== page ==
Monte Carlo Simulations of Magnetic Field Perturbers in Ultra-High Field MRI Using Supercomputers
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Publisher:The Ohio State University
Series/Report no.:The Ohio State University. Department of Electrical and Computer Engineering Honors Theses; 2006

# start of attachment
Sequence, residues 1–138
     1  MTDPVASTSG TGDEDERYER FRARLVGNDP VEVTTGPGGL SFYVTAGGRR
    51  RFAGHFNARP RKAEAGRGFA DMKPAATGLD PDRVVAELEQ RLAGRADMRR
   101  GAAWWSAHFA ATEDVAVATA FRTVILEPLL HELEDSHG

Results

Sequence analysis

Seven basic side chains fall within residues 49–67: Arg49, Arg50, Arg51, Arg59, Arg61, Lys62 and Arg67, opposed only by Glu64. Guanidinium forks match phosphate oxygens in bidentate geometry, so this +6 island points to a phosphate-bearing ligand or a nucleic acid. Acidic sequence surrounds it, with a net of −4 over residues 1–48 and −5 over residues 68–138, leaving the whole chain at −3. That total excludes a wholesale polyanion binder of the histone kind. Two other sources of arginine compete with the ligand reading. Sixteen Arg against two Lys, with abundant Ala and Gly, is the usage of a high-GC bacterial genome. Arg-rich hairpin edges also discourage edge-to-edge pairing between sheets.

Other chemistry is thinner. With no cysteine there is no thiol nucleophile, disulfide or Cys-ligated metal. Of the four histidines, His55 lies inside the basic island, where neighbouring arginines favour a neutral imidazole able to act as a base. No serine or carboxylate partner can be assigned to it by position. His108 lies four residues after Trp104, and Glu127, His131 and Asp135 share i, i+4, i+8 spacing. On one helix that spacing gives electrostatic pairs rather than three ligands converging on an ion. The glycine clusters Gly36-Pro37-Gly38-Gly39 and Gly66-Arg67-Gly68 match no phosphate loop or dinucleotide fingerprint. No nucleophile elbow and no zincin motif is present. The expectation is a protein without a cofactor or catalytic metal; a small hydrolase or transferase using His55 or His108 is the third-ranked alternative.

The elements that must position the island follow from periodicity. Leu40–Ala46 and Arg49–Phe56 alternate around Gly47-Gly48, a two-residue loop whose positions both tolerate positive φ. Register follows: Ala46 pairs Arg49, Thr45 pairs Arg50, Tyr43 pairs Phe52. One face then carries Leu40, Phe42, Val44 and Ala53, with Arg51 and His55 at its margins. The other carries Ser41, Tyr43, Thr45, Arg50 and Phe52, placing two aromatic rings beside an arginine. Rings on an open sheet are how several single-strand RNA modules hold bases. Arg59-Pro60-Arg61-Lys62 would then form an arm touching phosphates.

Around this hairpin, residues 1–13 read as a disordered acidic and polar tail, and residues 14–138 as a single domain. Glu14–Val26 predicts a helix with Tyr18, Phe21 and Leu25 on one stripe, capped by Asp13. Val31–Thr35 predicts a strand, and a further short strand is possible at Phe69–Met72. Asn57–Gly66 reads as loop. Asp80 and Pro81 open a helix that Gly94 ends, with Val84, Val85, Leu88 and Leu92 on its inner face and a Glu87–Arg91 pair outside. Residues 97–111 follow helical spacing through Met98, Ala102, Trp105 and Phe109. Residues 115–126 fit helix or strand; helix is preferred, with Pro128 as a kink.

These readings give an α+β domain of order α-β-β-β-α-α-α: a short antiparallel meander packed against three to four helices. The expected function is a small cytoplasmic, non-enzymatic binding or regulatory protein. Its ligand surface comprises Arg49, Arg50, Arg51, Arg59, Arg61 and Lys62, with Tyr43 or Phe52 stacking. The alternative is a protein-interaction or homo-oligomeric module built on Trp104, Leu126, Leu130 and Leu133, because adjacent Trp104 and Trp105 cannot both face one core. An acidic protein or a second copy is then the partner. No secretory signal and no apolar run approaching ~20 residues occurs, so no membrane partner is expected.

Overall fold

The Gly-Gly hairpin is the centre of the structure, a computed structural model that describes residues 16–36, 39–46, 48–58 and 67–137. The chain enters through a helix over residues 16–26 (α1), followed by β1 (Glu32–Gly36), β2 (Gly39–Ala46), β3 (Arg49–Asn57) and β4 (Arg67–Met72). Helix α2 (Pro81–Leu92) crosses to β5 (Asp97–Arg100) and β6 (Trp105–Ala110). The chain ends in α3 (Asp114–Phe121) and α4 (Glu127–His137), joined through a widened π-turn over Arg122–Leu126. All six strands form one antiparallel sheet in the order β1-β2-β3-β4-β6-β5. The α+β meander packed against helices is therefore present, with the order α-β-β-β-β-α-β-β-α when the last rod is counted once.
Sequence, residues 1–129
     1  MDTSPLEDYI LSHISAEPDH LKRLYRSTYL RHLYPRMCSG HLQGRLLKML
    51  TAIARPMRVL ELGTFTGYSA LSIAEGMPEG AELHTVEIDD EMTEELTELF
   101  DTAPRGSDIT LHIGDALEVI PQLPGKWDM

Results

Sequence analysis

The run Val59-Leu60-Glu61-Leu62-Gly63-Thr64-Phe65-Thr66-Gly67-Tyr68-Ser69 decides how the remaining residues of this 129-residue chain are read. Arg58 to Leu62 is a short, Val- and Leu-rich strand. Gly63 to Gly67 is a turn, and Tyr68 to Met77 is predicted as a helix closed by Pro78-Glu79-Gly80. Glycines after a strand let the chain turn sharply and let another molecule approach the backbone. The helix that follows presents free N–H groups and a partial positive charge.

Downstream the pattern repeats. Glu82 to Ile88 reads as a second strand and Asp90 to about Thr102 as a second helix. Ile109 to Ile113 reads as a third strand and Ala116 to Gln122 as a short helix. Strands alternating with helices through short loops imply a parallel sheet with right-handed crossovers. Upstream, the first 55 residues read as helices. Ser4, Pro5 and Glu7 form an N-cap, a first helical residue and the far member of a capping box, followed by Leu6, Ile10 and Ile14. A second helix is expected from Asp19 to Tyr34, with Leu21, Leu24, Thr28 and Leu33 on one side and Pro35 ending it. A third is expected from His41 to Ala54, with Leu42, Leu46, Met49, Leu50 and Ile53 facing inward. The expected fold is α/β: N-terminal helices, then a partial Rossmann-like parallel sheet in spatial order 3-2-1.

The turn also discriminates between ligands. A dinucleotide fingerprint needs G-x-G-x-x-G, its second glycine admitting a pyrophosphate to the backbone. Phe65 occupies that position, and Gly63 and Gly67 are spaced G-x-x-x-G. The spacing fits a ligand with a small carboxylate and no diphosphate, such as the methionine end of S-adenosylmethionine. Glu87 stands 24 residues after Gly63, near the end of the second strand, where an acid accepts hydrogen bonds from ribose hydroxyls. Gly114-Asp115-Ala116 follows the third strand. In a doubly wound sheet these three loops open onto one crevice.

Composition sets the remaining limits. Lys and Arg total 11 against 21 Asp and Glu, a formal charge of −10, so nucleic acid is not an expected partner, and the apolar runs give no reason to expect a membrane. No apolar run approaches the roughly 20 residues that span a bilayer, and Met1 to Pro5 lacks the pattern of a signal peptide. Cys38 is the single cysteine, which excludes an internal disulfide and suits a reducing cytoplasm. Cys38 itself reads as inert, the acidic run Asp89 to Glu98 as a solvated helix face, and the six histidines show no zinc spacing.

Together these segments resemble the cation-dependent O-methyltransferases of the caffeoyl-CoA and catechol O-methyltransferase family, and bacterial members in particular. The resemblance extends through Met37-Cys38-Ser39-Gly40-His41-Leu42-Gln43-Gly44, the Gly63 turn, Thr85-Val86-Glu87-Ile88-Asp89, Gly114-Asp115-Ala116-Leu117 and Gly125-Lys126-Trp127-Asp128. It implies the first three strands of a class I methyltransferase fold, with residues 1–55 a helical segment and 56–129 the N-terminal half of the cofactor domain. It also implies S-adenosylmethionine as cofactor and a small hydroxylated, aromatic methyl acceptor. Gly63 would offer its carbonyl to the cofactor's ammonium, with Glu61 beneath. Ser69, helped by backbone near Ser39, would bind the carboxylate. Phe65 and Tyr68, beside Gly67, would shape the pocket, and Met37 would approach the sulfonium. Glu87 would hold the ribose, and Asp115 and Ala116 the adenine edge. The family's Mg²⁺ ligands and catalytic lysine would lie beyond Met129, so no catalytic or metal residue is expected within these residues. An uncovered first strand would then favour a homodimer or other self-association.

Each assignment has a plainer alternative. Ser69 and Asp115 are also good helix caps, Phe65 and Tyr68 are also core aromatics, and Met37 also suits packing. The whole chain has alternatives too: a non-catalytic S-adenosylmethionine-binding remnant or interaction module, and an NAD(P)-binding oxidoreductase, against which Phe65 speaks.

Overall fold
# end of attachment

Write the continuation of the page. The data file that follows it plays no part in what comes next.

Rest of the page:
Recent research suggests that abnormal iron concentrations in certain parts of the human brain may be linked to several neurological diseases, in particular Alzheimer's disease. It is hoped that ultrahigh field MRI (background magnetic fields at or above 7 Tesla) can be used to determine the iron concentrations in various regions of the brain. Monte Carlo simulations provide theoretical data which can be compared with experimental MRI data to determine effective methods of measuring local iron concentrations in the brain. The goal of the project was to develop and implement a set of computer codes to perform the Monte Carlo simulations. The code was written in C and MPI to allow parallel-processing on supercomputers, which is advantageous due to the large size of the data. In the Monte Carlo simulation thousands of protons move randomly throughout the model and as they move they acquire phase changes which are related to changes in the local magnetic field. The brain stores iron in a roughly spherical protein called ferritin. MRI cannot directly detect ferritin in the brain but it may be possible to determine the properties and concentration of ferritin with ultrahigh field MRI. The presence of ferritin will slightly perturb the magnetic field during an MRI scan and this affects the phases of protons as they move randomly throughout the brain. It is this effect that is modeled by the simulation, which returns the theoretical accumulated phase of each proton. Another aspect is the construction of the computer model of ferritin in the brain. For our purposes we built a cube filled with spherical perturbers representing ferritin. We developed optimization methods to construct a larger and more accurate model. The code can be modified to model other brain parameters. For example, future versions can include branched cylindrical magnetic field perturbers to model blood vessels in the brain, which contain iron in deoxyhemoglobin. By tweaking the model and repeating the Monte Carlo simulations one can predict the phases acquired by the protons. This information can be compared to experimental ultrahigh field MRI data to determine a more accurate model. This could lead to a better understanding of the cause and viable treatment methods of neurological diseases such as Alzheimer's disease.